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Routing protocol OSPF

From Ever changing code

OSPF topology table

The topology table on an OSPF router is a link-state database (LSDB) that lists information about all other routers in the network, and represents the network topology. All routers within an area have identical link-state databases, and the table can be viewed using the show ip ospf database command. The SPF algorithm uses the LSDB to produce the unique routing table for each router which contains the lowest cost route entries for known networks.

OSPF States

Operation State Description
Establish
neighbor
adjacencies
1. Down state Negotiate master / slave relationship and DBD packet sequence number.
The master initiates the DBD packet exchange.
2. Init state Hello packets are received from the neighbor.
They contain the sending router’s Router ID.
Transition to Two-Way state.
3. Two-Way state On Ethernet links, elect a DR, and a BDR.
Transition to ExStart state.
Synchronize
OSPF
Databases
4. ExStart state Negotiate master / slave relationship and DBD packet sequence number.
The master initiates the DBD packet exchange.
5. Exchange state Routers exchange DBD packets.
If additional router information is required then transition to Loading; otherwise, transition to Full.
6. Loading state LSRs and LSUs are used to gain additional route information.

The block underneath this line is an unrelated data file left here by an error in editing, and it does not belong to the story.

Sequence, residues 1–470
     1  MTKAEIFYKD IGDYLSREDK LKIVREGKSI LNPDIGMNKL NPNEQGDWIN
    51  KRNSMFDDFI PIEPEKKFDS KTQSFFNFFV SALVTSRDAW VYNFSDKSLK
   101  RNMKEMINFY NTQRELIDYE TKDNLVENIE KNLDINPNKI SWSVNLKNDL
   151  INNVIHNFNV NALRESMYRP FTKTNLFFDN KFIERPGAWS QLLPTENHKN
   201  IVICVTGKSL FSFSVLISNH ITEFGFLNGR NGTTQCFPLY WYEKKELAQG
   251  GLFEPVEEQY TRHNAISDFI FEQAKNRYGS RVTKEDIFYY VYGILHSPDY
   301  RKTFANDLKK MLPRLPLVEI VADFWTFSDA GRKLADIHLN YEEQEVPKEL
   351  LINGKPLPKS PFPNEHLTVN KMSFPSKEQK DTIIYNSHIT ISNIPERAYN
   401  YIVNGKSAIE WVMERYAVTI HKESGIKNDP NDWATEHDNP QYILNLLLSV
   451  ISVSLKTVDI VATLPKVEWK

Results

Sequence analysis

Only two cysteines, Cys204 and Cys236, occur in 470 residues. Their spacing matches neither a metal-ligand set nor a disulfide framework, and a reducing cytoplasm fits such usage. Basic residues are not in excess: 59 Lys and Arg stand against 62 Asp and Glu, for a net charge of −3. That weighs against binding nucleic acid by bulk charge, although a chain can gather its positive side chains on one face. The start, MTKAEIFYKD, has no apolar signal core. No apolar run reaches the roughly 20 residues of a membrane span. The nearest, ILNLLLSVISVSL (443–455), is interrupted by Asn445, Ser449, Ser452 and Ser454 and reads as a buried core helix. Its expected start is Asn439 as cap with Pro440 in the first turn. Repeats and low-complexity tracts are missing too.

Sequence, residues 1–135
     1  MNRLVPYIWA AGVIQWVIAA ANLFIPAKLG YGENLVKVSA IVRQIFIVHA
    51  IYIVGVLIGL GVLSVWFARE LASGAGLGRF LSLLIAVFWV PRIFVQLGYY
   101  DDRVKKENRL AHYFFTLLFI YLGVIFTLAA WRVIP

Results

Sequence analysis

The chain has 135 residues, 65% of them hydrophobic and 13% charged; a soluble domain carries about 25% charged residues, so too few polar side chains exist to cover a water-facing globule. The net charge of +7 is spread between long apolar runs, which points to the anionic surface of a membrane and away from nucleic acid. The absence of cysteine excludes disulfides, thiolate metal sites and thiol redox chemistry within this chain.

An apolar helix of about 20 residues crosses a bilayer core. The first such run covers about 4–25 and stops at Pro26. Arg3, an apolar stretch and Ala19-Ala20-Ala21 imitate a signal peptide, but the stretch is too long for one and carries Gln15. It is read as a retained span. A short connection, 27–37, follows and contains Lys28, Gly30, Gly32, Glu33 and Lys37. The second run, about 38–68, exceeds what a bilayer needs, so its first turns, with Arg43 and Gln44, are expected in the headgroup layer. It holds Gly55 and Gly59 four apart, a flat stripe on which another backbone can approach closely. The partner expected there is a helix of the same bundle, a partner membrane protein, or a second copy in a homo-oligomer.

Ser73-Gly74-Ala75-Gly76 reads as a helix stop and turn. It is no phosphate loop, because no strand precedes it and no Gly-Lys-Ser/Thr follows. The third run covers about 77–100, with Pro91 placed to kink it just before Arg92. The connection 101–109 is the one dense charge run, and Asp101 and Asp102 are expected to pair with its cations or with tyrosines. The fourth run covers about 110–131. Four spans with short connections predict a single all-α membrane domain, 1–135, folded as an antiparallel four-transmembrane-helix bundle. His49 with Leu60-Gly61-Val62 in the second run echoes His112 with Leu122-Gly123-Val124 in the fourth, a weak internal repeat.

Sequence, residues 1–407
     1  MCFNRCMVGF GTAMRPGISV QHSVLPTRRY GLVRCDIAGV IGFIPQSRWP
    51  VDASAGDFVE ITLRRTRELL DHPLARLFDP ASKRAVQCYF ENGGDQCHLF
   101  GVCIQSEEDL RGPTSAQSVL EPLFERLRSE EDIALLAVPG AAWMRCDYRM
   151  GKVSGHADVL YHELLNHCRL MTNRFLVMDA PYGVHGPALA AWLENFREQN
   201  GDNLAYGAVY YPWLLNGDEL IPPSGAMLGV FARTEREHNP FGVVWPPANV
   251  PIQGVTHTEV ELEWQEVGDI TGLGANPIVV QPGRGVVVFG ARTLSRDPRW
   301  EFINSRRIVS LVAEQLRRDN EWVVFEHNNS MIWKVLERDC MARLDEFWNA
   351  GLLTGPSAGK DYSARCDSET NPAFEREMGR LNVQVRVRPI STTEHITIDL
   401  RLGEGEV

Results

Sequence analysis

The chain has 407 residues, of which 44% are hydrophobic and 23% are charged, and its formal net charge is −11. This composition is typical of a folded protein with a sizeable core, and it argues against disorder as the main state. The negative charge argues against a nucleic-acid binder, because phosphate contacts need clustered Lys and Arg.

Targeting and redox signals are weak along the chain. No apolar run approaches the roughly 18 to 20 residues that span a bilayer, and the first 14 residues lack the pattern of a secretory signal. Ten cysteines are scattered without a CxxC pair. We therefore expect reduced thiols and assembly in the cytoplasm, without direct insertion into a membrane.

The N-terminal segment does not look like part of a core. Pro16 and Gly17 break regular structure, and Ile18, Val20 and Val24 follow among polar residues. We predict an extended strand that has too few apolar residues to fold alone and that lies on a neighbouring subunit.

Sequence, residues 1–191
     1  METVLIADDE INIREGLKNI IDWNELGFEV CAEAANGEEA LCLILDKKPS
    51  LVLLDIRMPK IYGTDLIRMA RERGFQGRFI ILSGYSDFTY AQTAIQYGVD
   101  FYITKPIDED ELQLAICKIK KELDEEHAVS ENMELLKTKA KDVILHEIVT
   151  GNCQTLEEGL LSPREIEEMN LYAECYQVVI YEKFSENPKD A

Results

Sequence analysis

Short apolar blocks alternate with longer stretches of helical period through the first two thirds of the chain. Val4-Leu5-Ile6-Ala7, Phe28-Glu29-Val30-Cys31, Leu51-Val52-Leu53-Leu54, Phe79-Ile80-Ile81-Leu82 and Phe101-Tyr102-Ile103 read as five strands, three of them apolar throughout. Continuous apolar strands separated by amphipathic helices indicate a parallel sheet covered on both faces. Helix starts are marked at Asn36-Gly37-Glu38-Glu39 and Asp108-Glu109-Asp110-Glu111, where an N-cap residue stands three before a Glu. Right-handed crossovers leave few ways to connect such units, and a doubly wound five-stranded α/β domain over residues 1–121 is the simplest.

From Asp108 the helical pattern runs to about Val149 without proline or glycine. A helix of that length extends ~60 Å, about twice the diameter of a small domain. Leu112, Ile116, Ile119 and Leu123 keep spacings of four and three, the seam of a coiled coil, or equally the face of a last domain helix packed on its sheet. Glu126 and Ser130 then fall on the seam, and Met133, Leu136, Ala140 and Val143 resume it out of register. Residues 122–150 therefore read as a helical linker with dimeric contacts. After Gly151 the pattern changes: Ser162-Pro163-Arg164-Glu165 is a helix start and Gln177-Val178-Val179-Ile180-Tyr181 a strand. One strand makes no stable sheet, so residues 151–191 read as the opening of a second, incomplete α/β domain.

Routes are processed using the SPF algorithm.
Transition to the Full state.

7. Full state Routers have converged.

OSPFv2 router configuration for IPv4 protocol

r1(config)# router ospf process-id     !value between 1 - 65535, does not need to be unique on all routers
r1(config-router)# router-id x.x.x.x        !value in IPv4 format
r1(config-router)# network network-address wildcard-mask area area-id
r1(config-router)# network intf-ip-address 0.0.0.0       area area-id  !enabling advertisements via a quad 0 wildcard mask,
                                                                       !tells the router to enable interface Serial0/0/0 for the routing process
r1(config-router)# passive-interface intf
r1(config-router)# passive-interface default
r1(config-router)# auto-cost reference-bandwidth 100    !note bandwidth value here is Mb/s
r1(config-router)# ip ospf cost value                   !sets cost of the link